Real Estate Advisory: 10 Tips for Property Tax Assessment Appeals

Jason M. Yarbrough

For a printable PDF of this article, click here.

Do you own income producing property in Pennsylvania? If so, it may be time to review whether its current assessed value is too high. This year is more important than ever to review your property’s assessed value in light of COVID-19. Whether you own office, retail, hospitality, industrial, or residential housing, COVID has reduced many commercial property values resulting in excessive assessed values and property taxes.

The pandemic has impacted many property owners with mandatory business restrictions, shutdowns and disruptions given the need for social distancing. Many commercial properties have experienced declining rent payments, rent concessions, and increased vacancies. You should review all of these factors (and more) when evaluating whether your property’s assessed value is too high and could benefit from reduced property taxes via a tax assessment appeal.

Most assessment boards do not reassess property values every year. As a result, the property taxes you are paying – county, municipality, and school district – may not be reflective of the actual value of your property today. A property owner must file a tax assessment appeal to correct an overassessment.

Our Real Estate & Lending Group and Real Estate Litigation Group are here to help review your property and advise if it may be a good candidate to benefit from a 2021 tax assessment appeal.

Below are ten things every property owner should consider:

1. File by the deadline March 31, 2021. The deadline to file a 2021 Annual Tax Assessment Appeal in Allegheny County is March 31, 2021. The deadline varies by county.

2. Have your revenues declined? Whether temporary or permanent, many commercial properties have seen decreased revenues in 2020 and 2021.

3. Have your costs increased? Unplanned PPE expenditures, adapting your business to cope with the pandemic and fewer tenants providing landlord reimbursements has resulted in further increased landlord costs.

4. Have you had to provide rent concessions to keep your tenants? If so, how have the rent concessions impacted your property’s total revenues?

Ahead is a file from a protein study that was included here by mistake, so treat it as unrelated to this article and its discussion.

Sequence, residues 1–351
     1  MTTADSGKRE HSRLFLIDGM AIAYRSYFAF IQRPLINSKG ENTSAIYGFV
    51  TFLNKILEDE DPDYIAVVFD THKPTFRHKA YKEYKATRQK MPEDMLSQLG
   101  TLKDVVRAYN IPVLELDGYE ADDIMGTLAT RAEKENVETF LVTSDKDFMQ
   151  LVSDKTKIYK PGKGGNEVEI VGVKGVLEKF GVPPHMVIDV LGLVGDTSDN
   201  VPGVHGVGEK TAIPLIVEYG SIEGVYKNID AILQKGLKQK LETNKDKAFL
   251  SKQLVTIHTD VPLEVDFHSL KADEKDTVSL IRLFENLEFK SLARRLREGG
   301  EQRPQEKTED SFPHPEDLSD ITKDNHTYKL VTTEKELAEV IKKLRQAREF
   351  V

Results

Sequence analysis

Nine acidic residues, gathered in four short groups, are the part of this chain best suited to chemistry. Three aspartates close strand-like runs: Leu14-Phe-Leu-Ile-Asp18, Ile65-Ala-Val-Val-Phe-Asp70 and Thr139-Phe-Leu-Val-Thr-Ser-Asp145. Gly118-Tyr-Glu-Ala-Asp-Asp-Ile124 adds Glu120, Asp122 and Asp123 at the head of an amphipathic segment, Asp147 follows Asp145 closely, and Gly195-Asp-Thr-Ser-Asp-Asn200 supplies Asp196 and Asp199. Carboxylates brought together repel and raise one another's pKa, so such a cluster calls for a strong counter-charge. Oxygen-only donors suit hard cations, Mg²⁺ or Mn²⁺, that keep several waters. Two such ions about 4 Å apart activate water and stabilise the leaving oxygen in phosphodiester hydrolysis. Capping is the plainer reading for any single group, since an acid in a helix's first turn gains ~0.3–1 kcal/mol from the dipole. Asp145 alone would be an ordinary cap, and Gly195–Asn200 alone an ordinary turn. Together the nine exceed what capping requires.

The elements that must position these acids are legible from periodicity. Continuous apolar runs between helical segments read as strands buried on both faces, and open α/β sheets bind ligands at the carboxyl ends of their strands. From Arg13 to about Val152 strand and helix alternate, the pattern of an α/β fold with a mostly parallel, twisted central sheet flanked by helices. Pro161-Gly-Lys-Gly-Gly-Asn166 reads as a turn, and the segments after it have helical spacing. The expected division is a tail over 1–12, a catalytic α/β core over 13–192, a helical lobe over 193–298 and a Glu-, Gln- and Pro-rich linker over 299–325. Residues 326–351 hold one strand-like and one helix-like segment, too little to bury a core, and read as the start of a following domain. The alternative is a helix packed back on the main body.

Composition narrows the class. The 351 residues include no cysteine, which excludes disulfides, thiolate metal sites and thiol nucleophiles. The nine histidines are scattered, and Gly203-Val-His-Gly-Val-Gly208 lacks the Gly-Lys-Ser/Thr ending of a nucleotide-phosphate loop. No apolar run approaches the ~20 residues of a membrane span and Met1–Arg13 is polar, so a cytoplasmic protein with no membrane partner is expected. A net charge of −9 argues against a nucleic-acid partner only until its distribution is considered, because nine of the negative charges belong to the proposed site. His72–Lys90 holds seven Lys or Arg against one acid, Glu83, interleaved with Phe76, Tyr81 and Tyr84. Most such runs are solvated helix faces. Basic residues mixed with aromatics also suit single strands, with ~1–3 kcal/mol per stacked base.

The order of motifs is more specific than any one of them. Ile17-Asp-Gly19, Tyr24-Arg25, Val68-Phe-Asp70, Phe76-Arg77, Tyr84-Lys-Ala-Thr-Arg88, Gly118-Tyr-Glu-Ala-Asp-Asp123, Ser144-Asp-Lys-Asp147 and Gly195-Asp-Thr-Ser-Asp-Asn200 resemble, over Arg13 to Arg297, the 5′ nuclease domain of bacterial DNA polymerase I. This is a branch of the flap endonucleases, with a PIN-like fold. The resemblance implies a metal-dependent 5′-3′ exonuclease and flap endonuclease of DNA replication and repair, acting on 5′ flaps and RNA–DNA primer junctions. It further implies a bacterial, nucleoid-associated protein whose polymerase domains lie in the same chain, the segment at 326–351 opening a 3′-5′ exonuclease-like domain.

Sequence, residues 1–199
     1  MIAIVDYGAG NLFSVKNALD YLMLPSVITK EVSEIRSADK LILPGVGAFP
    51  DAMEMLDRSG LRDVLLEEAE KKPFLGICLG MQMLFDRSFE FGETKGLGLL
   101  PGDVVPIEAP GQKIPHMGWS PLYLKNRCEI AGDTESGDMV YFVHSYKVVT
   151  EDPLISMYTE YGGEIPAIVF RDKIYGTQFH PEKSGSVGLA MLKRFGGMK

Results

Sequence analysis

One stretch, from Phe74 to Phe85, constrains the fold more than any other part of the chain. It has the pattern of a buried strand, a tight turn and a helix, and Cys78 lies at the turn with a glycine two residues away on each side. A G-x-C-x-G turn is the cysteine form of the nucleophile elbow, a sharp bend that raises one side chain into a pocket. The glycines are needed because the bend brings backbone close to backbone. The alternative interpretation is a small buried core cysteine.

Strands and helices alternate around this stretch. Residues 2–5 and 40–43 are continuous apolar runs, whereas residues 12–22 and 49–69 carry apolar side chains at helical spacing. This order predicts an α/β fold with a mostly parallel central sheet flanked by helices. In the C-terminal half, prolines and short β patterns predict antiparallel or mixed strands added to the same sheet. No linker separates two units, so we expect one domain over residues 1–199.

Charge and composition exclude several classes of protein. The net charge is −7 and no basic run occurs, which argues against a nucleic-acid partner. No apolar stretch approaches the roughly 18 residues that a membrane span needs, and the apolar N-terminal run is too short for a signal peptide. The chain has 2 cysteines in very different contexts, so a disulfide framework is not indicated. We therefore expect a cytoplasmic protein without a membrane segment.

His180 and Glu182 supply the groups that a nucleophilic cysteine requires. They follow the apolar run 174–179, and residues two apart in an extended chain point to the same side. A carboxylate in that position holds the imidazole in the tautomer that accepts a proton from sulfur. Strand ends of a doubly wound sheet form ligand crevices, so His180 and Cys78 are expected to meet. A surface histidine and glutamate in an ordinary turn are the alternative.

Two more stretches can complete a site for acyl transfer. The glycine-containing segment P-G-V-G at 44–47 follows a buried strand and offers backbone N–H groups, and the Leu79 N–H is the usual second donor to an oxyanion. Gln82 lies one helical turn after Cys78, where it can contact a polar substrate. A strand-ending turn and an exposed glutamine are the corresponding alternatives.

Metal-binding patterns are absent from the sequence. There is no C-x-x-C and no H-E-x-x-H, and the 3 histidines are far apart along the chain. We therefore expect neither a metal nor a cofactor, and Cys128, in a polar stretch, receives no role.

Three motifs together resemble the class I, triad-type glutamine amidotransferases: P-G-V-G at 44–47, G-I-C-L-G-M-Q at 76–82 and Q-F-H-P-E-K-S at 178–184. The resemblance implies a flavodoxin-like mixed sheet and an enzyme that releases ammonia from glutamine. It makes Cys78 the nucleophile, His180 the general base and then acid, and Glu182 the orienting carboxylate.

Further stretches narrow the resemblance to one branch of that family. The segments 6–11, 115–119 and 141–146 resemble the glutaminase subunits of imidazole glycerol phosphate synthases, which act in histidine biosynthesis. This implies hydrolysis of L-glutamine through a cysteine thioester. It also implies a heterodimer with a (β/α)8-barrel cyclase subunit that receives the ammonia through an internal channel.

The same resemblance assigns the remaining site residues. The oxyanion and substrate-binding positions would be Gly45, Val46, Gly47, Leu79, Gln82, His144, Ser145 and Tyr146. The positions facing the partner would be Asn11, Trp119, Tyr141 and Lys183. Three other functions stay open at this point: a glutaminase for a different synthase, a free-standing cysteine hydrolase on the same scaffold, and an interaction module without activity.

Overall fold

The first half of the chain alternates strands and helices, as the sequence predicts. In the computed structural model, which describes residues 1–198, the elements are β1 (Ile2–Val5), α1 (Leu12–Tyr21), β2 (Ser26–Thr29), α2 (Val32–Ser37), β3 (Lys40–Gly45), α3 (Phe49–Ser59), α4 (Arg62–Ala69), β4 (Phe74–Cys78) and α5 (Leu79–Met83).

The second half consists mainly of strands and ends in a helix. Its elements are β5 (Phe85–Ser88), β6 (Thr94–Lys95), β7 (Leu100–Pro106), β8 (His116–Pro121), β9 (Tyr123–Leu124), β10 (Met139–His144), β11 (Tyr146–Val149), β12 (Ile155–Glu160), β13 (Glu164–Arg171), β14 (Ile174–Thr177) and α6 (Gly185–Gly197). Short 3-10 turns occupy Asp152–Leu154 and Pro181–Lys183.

5. Have businesses in your industry had to provide rent concessions to keep their tenants? Negative changes in your industry may have an impact on your property’s value.

6. Has your occupancy rate changed? Has your total occupancy percentage decreased, or do you have a different tenant mix as a result of COVID-19?

7. Has the occupancy rate of businesses in your industry changed? Variances in the market are influential in determining expectations for your property.

8. How long will it take for your property to return to pre-COVID levels? Your property may be entitled to some reduction in value until conditions return to normal.

9. When will businesses in your industry return to pre-COVID levels? Valuations of your property and those in your industry may be relevant in setting the correct assessed value.

10. What would someone pay for your property today, under current circumstances? Could your property command the same purchase price today as it did before the pandemic?

Our Real Estate & Lending Group and Real Estate Litigation Group are here to help review your property and advise if it may be a good candidate to benefit from a 2021 tax assessment appeal.,  Please contact Jason Yarbrough (jmy@muslaw.com), any member of the Real Estate & Lending Group, or any other Meyer, Unkovic & Scott attorney with whom you have worked.

This material is for informational purposes only.  It is not and should not be solely relied on as legal advice in dealing with any specific situation.